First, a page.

Jewish kids play with dreidels by the Hanukkiya at the western wall, in Jerusalem's Old Ci
Jewish kids play with dreidels by the Hanukkiya at the western wall, in Jerusalem's Old CiMendy Hechtman/Flash90

Jews around the world are currently celebrating Hanukkah, the 8-day-long Festival of Lights that commemorates the Maccabean victory over their Greek oppressors. At first glance, the holiday has nothing at all to do with gambling right? Well, more than a few Israeli Olim suggest that there’s more to Hanukkah than meets the eye as far as gambling is concerned.

The appropriateness of gambling on Hanukkah for money has long been questioned by modern society, with numerous t'shuvot written by Rabbis both in Israel and abroad, many of them decrying the practice. Yet, many enthusiasts, as well as congregations and Jewish culture centers across the globe still undertake a yearly ritual of organizing gambling nights for young professionals, or youth on Hanukkah. 

Poker aficionado Robbie Strazynski spoke to Arutz Sheva about why this holiday still has a "gambling overtone" and how we can learn Hanukkah lessons from games such as Poker, and vice-versa.  

"The Maccabees’ victory against all odds and the 1-day’s worth of oil burning for 8 straight days in the Temple showcases that miracles can happen that defy all nature. To poker players [and other gambling enthusiasts], especially tournament specialists, the lessons of this story are clear: even with your back against the wall, never give up hope." 

Tournament poker’s best known example of this type of attitude is personified by Jack Straus, who came back from the brink of elimination to win the WSOP Main Event in 1982. In fact, it was Straus’ comeback that helped coin the phrase “a chip and a chair” (is all you need to win), as he was literally left with 1 solitary poker chip before his fortunes turned around.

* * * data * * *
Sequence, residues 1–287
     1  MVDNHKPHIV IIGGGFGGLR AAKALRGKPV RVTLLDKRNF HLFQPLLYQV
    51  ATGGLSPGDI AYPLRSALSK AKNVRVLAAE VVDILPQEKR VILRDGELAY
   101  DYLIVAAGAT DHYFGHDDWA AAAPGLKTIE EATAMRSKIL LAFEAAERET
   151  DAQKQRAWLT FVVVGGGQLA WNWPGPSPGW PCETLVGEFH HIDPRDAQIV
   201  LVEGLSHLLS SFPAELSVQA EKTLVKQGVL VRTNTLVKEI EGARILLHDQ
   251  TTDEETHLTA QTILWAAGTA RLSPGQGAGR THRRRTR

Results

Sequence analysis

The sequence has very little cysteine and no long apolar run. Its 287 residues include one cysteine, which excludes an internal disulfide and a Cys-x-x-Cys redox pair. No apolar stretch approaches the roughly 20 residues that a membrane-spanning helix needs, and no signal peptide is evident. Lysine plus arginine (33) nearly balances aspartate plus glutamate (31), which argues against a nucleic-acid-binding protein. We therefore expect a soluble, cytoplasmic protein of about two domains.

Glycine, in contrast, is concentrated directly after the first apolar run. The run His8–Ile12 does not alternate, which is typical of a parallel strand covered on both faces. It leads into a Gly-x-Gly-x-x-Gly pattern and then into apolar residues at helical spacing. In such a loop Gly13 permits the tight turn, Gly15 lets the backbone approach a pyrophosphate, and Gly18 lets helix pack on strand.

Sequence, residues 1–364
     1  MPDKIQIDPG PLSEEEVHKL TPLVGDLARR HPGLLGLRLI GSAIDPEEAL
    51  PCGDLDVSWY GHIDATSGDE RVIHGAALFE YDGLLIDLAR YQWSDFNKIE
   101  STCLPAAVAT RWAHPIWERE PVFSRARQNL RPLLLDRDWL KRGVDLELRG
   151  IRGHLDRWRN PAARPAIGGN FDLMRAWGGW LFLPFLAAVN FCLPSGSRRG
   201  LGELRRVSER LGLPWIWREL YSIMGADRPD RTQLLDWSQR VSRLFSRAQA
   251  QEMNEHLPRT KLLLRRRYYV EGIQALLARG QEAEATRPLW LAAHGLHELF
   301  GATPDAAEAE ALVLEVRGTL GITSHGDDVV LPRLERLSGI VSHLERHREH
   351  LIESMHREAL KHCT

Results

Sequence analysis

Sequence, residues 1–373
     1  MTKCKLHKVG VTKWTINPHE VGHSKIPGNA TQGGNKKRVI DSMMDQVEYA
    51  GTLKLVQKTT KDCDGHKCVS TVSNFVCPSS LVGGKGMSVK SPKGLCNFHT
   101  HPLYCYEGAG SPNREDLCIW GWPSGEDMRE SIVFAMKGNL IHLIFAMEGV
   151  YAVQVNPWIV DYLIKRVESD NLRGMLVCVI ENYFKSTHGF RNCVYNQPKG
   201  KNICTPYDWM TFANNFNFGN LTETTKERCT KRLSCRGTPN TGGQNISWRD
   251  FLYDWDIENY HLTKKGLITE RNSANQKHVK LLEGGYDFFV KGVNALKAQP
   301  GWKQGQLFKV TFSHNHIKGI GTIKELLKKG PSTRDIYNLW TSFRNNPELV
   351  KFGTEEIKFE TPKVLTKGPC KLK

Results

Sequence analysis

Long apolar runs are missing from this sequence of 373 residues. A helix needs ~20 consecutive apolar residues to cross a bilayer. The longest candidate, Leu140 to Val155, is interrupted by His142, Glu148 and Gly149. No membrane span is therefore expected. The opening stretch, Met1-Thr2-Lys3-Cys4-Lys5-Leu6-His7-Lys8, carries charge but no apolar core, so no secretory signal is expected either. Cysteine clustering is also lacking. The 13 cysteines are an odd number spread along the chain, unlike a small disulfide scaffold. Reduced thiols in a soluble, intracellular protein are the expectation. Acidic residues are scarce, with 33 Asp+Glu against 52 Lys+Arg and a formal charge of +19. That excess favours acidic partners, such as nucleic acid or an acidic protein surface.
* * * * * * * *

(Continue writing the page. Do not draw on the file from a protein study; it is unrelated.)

Strazynski believes that there is a lesson there that resounds throughout the ages  "Just because you might be the small stack at a table full of big stacks doesn’t necessarily mean your fate is sealed. So long as you pick your spots and battles carefully, you’re capable of conquering even the mightiest of foes at the felt." This lesson is one that rings true throughout all of Jewish history, and is especially connected to Hanukkah where we recite 'Rabbim b'yad me'atim' - 'the many in the hands of the few' during our prayers over the holiday.

But there is more to the connection between the holiday and gambling than that. There is also the idea of gifts, or gelt which have been exchanged on Hanukkah from the times of the Talmud. Strazynski illustrated this connection. "Arguably, one of the most important measures of success in gambling is the amount of money won/lost. No holiday on the Jewish calendar is as associated with money as is Hanukkah. For ages, Jewish parents have been known to give their kids Hanukkah gelt (either real money or chocolate-filled coins that interestingly resemble poker chips in both shape and size). The kids then play highly contested “dreidel” games (the spinning top) with this gelt. The similarities between dreidel and poker are many: there’s an element of chance, everyone playing has to “ante up”, and each player is trying to win everyone else’s gelt." 

Strazynski suggests that in order to get more into the Hanukkah spirit of giving presents, one can run or participate in a charity poker tournament which donates a portion of the winnings to charity. 

Strazynski, a lover of puns, also encouraged anyone who does participate in gambling over the holidays, whether it be poker or dreidel to place some Macca-beats on their opponents. 

Strazynski is one of two American Israelis from Ginot Shomeron who co-host a weekly webisode called "the Weekly burn and turn". The other is Shimi Weiss. The webisode is a ten minute video segment about poker, gambling, Israel and having fun.

"The show, while "about poker", is meant to be geared to entertain. In other words, the idea is that everyone should be able to enjoy watching us for a few minutes each week on screen, however much or little they actually know about poker. We produce a new one each week and it goes live, online, on Thursdays," said Strazynski, the show's creator.

"Enjoying Hanukkah is really what the holiday is about. We aim to help with that endeavor," said Strazynski.